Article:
Stocks traded mostly lower on Friday after two days of record gains, capping off one of the most volatile weeks in stock market history. With concerns over China shaking investor sentiment, some were wondering if prolonged market uncertainty would close the IPO window.
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And late-stage startups, like Uber and Snapchat, which are valued based on their predicted values as public companies, could also be impacted by this turmoil. Tech stocks, which have struggled lately, play a role in how venture capitalists and other investors value the next generation of tech companies.
"Valuations will be tested and not everyone will pass,” said Max Wolff, chief economist at Manhattan Venture Partners. “When it is all said and done we will see some unicorns lose their horns and their magic,” he said, referring to the billion-dollar startups.
With the IPO market rebounding to record levels since the dot com boom, venture capital funding has followed suit. The health of the stock market is seen as a bellwether, because venture capitalists are expected to provide returns on their investments through “exits,” namely IPOs or M&A.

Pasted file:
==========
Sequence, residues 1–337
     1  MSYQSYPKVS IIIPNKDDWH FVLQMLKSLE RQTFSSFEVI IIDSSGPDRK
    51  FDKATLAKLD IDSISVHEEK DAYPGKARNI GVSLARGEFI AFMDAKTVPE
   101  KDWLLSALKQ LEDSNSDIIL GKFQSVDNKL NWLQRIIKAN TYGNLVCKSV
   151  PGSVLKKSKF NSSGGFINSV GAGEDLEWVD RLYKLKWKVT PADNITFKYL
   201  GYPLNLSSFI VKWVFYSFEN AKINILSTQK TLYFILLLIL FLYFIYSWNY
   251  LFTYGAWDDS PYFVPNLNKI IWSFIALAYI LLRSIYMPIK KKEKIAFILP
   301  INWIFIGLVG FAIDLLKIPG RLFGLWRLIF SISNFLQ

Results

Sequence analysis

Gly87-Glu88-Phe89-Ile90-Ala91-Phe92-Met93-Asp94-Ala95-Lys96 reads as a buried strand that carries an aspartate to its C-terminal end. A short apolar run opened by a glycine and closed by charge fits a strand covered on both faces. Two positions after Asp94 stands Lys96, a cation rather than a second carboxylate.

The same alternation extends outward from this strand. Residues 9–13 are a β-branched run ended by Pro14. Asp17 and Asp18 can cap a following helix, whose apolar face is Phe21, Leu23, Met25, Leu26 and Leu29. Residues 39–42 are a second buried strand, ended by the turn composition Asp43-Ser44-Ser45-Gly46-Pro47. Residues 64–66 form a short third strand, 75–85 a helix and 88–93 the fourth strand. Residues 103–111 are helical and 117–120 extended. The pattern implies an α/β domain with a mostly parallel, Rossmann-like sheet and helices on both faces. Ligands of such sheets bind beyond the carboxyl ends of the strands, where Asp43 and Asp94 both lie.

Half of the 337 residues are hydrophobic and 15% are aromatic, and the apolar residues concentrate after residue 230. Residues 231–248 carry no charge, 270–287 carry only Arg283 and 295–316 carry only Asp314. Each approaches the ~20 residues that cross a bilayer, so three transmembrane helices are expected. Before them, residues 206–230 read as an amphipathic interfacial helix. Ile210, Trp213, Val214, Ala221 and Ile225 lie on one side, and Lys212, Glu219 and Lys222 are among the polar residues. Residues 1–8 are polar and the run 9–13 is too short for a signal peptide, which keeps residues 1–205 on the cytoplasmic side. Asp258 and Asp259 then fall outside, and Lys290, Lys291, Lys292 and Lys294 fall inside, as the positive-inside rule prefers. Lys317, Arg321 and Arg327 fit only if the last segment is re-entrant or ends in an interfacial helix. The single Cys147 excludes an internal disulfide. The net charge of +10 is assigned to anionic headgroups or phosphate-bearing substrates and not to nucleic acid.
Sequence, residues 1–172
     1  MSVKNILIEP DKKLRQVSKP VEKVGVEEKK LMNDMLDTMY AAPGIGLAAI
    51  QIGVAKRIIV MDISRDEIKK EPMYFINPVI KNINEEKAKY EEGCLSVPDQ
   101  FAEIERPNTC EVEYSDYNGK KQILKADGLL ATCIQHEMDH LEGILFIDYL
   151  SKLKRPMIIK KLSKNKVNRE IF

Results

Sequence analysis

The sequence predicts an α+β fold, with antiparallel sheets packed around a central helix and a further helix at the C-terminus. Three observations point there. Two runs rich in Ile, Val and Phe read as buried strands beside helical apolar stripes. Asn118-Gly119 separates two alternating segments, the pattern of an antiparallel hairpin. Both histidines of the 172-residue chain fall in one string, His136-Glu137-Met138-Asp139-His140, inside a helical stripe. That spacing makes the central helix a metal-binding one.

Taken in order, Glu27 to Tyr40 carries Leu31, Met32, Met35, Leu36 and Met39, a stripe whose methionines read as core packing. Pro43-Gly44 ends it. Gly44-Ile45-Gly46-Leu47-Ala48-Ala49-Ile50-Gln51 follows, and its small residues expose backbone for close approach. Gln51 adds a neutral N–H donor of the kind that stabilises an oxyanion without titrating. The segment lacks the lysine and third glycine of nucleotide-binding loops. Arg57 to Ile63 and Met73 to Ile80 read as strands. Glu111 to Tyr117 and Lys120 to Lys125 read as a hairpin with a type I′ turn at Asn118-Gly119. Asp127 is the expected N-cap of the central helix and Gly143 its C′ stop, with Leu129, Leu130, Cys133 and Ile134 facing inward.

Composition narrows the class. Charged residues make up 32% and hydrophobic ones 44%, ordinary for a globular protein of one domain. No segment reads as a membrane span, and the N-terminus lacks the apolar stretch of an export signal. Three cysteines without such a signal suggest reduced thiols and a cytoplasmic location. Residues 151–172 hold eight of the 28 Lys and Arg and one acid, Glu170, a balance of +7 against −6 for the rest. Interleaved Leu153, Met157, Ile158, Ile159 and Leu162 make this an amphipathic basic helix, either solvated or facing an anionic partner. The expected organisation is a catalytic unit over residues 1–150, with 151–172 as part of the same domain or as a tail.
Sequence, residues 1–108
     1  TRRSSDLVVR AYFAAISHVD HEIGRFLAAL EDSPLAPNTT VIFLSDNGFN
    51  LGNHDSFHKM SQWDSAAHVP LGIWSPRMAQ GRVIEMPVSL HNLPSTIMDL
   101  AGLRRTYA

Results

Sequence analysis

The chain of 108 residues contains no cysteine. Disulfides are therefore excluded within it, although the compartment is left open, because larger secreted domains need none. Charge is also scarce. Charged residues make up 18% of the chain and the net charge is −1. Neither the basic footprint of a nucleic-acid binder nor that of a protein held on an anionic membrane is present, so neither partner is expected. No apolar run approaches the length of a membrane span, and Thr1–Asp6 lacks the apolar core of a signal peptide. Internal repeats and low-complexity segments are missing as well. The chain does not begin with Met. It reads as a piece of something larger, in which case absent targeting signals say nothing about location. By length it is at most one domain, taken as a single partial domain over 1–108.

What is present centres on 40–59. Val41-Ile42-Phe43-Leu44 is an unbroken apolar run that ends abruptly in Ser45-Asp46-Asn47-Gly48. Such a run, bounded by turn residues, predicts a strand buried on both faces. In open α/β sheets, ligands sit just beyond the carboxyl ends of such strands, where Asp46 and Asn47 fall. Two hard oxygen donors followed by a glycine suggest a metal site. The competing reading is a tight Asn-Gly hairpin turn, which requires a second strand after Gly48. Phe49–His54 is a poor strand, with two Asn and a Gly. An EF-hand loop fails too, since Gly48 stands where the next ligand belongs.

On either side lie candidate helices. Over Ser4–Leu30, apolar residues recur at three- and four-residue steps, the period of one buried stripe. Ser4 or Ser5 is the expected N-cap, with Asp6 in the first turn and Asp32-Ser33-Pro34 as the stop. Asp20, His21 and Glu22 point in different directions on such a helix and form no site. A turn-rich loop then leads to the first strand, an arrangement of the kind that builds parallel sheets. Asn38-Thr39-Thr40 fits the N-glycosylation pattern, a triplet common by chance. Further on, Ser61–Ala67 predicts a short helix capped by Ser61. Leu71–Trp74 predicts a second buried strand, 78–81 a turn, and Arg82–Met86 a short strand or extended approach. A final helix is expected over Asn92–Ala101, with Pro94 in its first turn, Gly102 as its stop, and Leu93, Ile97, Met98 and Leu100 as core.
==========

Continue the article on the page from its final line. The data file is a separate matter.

But some are suggesting that it is only the startups nearing the “finish line” that should be concerned.
“A continued correction in the public markets will have a significant effect on later-stage company valuations, but the impact on early-stage companies will be far less dramatic,” said Ryan Feit, CEO at SeedInvest.
Atish Davda, CEO at EquityZen, predicts that startups will still be able to find funding and that some investors will see this as an opportunity to get access at a more attractive price.
“Capital in private markets won't go away. Savvy investors who have been holding out on seemingly high private valuations will likely find some of the best investment opportunities of the past decade in private tech.”
Manhattan Venture Partners, EquityZen and SeedInvest are all involved in the exchange of shares before companies go public, an investment area that is often more lucrative than the stock market. Cautious startups are waiting to go public and the most significant movements in their share price often happen before they IPO.
“Many public company investors like mutual funds and hedge funds are coming down to invest in private companies” to take advantage of these gains, said Jeff Thomas, president of liquidity solutions at The Nasdaq Private Market. “We definitely see a lot of the value being created while companies are private.”
Thomas reflected that before the dot com bubble, “companies would go earlier, much earlier in their life cycle and all the value would be created in the public markets.” Today, “because they’re waiting longer, a lot of the value is being created in the private markets.”
And if the stock market uncertainty continues, one can only expect these startups to stay private even longer.
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